Ways of associating objects in an IFC model with tasks

In order to build up a project schedule from an IFC model, you associate objects in the IFC model with corresponding tasks in the project. You do this using IFC product searches and IFC product selections:

  • You can use IFC product searches to group together related objects in an IFC model for the purpose of associating IFC objects with tasks. For example, you could create one IFC product search to group together all of the objects in an IFC model that correspond to wooden beams; another to group together all of the objects in an IFC model that correspond to skirting boards; and so on.
  • You can use IFC product selections to group together specific sets of otherwise unrelated objects in an IFC model for the purpose of associating IFC objects with tasks. For example, you could create one IFC product selection to group together all of the objects in an IFC model that make up a particular wall; another to group together all of the objects in an IFC model that make up a particular ceiling; and so on.

When you build up a project schedule from an IFC model, you can associate the IFC product searches and IFC product selections that you have used to group together objects in the IFC model with existing tasks in the project, or you can create new tasks from the IFC product searches and IFC product selections.

You can associate objects in an IFC model with tasks by selecting objects within an IFC model in the IFC Model pane, then dragging and dropping them onto a task - either in a bar chart view or in a calendar view. Doing this creates an IFC product selection object, containing the objects that you have selected in the IFC model.

You can associate objects in an IFC model with tasks automatically, according to name, code library or WBS code. This is a particularly useful way of building a project schedule from an IFC model if you base your projects on templates, as it allows you to do much of the preparatory work - the creation of tasks, IFC product searches and IFC product selections, and the assigning of code library entries or WBS codes - beforehand, in your template.

Before you associate objects in an IFC model with tasks, you may find it useful to split certain objects into a number of smaller objects that can then be associated with tasks individually, or to merge distinct objects into single objects. Although you can split and merge objects after you have grouped together the objects in an IFC model using IFC product searches and IFC product selections, it is preferable to carry out any splitting and merging before grouping objects together if possible.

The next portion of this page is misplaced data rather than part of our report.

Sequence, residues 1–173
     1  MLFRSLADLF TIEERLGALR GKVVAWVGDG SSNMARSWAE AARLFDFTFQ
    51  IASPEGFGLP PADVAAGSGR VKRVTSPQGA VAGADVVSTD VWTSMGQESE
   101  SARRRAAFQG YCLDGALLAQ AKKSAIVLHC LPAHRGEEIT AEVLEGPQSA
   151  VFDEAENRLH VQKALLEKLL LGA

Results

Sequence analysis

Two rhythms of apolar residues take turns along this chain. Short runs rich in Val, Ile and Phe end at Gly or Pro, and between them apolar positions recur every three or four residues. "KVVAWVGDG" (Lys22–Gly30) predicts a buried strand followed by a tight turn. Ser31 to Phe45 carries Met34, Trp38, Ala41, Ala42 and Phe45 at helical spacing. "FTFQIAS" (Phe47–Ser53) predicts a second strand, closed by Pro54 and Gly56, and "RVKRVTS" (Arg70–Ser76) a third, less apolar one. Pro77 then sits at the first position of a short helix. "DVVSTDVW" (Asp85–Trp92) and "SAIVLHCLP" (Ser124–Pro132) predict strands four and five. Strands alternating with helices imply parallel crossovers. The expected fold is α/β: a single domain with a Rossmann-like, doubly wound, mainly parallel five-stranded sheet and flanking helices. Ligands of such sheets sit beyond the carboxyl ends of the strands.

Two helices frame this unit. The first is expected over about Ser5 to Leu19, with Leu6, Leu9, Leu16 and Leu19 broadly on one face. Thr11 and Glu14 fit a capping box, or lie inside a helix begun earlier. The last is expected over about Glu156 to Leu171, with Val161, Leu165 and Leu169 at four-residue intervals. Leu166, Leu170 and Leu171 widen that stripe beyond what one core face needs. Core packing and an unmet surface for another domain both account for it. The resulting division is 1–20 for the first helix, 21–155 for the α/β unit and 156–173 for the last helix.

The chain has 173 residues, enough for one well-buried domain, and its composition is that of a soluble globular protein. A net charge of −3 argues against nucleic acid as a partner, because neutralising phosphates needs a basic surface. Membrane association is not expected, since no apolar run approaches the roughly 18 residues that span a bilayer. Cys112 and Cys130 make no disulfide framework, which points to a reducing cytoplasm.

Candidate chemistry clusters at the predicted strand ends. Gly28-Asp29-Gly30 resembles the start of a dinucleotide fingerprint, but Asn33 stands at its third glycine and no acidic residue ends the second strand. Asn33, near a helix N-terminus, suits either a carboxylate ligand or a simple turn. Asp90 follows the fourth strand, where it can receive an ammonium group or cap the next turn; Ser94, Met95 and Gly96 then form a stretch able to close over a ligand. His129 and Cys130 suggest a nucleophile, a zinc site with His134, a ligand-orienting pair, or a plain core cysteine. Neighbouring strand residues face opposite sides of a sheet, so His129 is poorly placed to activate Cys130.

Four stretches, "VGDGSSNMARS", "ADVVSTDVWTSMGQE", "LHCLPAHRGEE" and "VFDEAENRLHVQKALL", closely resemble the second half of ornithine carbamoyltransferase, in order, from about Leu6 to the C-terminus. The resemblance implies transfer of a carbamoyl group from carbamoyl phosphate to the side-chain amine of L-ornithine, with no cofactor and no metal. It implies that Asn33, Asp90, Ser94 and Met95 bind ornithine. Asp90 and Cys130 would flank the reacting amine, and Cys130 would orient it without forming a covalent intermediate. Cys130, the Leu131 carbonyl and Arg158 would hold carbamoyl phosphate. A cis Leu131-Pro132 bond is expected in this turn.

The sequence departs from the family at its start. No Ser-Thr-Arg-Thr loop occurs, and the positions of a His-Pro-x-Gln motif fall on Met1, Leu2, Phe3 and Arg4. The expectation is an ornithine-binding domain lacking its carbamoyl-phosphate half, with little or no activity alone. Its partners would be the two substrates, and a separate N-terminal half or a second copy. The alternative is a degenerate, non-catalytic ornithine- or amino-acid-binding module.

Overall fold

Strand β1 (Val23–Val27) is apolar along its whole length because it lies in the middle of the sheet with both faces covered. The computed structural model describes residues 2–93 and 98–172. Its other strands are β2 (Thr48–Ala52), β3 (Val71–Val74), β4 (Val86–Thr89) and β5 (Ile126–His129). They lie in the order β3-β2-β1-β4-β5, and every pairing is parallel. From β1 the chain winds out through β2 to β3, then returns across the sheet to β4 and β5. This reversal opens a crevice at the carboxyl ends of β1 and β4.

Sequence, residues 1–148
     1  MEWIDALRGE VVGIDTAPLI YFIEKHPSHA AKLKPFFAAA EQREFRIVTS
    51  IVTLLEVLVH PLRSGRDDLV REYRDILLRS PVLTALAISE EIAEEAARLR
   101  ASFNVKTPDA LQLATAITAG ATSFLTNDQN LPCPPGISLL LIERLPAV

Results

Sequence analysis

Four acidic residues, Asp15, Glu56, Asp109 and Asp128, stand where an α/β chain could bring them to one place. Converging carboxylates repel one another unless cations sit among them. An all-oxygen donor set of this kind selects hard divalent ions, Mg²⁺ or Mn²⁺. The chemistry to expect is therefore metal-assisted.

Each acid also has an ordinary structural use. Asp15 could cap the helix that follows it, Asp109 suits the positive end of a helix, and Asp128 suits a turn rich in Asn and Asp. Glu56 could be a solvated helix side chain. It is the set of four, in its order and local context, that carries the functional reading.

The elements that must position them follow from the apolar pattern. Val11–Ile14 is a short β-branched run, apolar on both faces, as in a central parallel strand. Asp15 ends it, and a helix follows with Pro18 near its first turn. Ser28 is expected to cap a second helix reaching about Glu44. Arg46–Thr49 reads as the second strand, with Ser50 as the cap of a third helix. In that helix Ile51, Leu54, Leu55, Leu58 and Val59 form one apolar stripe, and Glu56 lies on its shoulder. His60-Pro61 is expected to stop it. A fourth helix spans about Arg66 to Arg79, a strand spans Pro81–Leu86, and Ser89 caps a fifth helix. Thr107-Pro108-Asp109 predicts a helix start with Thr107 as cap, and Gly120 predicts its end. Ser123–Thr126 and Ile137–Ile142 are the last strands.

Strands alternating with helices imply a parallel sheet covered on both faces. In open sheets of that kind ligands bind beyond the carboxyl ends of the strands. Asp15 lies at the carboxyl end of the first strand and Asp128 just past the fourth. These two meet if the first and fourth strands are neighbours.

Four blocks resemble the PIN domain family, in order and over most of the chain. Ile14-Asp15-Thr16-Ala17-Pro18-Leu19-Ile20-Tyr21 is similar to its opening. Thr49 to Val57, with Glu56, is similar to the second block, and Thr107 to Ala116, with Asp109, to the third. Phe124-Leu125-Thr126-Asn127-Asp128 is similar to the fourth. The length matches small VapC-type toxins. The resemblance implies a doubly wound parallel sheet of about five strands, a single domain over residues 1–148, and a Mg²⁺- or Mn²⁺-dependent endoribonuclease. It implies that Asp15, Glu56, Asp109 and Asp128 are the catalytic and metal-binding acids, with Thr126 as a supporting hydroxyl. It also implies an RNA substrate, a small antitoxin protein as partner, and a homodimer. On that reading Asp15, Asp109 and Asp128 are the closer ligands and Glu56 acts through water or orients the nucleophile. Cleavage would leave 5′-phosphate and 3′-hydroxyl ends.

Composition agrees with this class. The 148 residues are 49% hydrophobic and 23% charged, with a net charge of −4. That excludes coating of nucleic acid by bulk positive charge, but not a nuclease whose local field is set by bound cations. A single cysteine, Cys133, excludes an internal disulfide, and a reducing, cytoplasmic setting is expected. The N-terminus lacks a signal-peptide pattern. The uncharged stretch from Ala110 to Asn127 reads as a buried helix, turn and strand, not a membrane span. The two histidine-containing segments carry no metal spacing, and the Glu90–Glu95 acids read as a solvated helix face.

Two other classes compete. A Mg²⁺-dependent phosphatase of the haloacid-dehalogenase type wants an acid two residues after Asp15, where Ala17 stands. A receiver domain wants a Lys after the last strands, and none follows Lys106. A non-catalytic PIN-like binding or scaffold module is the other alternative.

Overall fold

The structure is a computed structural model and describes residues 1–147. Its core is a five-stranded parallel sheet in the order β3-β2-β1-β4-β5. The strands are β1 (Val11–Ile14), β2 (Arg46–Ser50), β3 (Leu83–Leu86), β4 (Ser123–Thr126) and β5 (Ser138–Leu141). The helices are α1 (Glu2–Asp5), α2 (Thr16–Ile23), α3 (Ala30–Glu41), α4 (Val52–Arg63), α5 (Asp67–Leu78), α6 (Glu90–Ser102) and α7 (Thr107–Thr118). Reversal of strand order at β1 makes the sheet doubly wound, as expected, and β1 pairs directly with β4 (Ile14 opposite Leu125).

If you have added site objects to an IFC model, you can associate these with tasks in the same way as you associate other objects to tasks - using IFC product searches and IFC product selections. This allows you to associate site objects with tasks that correspond to the delivery, use and/or removal of the site objects.

Building up a project schedule by importing costs

If costs relating to an IFC model have been entered into Bidcon® and uploaded to the Elecosoft BIMCloud®, you can also build up a project schedule by importing the costs from the cost schedule and specifying that tasks should be created during the import. This provides you with a simple, unlinked project schedule containing tasks that are associated with objects in the IFC model (via IFC product selections that are created during the import process) and consumable and permanent resource allocations that correspond to the required materials and labour for each task.

Related Topics:

Applying a sort order to IFC product searches and IFC product selections

Associating objects in an IFC model with tasks using IFC product searches

Associating objects in an IFC model with tasks using IFC product selections

Associating objects in an IFC model with tasks using drag and drop

Associating objects in an IFC model with tasks according to name, code library or WBS code

Ensuring that all of the objects in an IFC model are associated with tasks

Importing costs relating to an IFC model

Splitting objects in an IFC model

Merging objects in an IFC model